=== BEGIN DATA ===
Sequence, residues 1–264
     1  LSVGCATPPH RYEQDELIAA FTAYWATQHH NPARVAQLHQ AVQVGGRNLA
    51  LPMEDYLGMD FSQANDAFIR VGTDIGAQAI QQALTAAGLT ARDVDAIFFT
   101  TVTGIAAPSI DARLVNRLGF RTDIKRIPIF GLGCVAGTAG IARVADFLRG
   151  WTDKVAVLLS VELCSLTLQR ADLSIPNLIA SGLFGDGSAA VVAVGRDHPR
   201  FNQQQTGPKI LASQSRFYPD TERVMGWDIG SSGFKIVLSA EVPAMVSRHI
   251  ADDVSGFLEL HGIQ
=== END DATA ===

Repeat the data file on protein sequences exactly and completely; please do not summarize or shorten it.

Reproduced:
Sequence, residues 1–264
     1  LSVGCATPPH RYEQDELIAA FTAYWATQHH NPARVAQLHQ AVQVGGRNLA
    51  LPMEDYLGMD FSQANDAFIR VGTDIGAQAI QQALTAAGLT ARDVDAIFFT
   101  TVTGIAAPSI DARLVNRLGF RTDIKRIPIF GLGCVAGTAG IARVADFLRG
   151  WTDKVAVLLS VELCSLTLQR ADLSIPNLIA SGLFGDGSAA VVAVGRDHPR
   201  FNQQQTGPKI LASQSRFYPD TERVMGWDIG SSGFKIVLSA EVPAMVSRHI
   251  ADDVSGFLEL HGIQ